5
$\begingroup$

Say I have $X \sim N(\mu_1, \sigma_1^2)$ and $Y \sim N(\mu_2, \sigma_2^2)$, also $X$ and $Y$ are independent, then is the joint distribution of $X$ and $Y$ multivariate normal? I.e., $$\begin{bmatrix} X \\ Y\end{bmatrix} \sim N\left(\begin{bmatrix} \mu_1 \\ \mu_2 \end{bmatrix}, \begin{bmatrix} \sigma_1^2 & 0 \\ 0 & \sigma_2^2 \end{bmatrix} \right) $$

If so, why?

$\endgroup$
5
$\begingroup$

One characterization of multivariate normality that is often taken to be the definition is that the tuple $(X_1,\ldots,X_n)$ has a multivariate normal distribution if for every tuple $(c_1,\ldots,c_n)$ of constants (i.e. non-random scalars), the linear combination $c_1 X_1+\cdots+c_nX_n$ has a univariate normal distribution. If $X\sim N(\mu_1,\sigma_1^2)$ and $a$ is constant, then $aX\sim N(a\mu_1,a^2\sigma_1^2)$. If $aX\sim N(a\mu_1,\sigma_1^2)$ and $Y\sim N(a\mu_2,a^2\sigma_2^2)$ then the distribution of $X+Y$ is that of the sum of two independent normally distributed random variables. Its expected value can be found without knowing that they are independent; its variance can be found if you know only that they are uncorrelated. But the fact that the sum is normally distibuted relies on the assumption that they are independent.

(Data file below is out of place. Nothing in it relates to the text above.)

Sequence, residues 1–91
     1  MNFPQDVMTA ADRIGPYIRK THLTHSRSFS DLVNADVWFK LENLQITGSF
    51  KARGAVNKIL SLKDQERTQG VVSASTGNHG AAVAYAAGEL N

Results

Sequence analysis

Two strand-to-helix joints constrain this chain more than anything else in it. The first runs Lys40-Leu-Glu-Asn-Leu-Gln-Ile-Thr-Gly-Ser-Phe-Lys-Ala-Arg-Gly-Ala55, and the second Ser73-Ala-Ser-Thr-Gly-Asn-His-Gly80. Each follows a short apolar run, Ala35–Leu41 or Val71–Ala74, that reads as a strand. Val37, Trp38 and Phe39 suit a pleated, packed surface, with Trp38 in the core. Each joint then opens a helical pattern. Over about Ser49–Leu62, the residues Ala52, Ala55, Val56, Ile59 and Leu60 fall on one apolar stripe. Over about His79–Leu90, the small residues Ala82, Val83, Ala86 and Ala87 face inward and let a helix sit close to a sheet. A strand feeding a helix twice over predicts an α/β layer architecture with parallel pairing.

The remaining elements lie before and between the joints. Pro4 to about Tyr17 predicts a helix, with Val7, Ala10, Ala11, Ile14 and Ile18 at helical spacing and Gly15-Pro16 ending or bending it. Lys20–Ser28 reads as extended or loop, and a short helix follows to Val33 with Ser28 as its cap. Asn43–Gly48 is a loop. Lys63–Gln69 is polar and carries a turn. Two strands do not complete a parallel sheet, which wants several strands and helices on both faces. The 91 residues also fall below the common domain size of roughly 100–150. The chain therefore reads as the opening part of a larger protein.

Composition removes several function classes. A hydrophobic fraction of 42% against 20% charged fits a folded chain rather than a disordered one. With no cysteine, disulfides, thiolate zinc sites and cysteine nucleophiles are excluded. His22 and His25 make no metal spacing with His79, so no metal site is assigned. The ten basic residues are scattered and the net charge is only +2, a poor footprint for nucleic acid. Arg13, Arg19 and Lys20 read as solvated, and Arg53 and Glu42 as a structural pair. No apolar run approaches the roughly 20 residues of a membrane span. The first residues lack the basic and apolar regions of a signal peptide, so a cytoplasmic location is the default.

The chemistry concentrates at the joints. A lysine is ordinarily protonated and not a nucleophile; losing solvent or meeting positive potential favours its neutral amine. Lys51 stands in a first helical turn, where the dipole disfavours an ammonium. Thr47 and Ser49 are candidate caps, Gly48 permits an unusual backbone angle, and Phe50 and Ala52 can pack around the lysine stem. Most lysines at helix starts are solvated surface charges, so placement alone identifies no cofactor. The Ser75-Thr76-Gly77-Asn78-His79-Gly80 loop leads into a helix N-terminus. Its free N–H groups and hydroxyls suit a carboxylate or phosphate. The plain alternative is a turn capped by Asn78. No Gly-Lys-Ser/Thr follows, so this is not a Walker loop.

$\endgroup$

Your Answer

By clicking “Post Your Answer”, you agree to our terms of service, privacy policy and cookie policy

Not the answer you're looking for? Browse other questions tagged or ask your own question.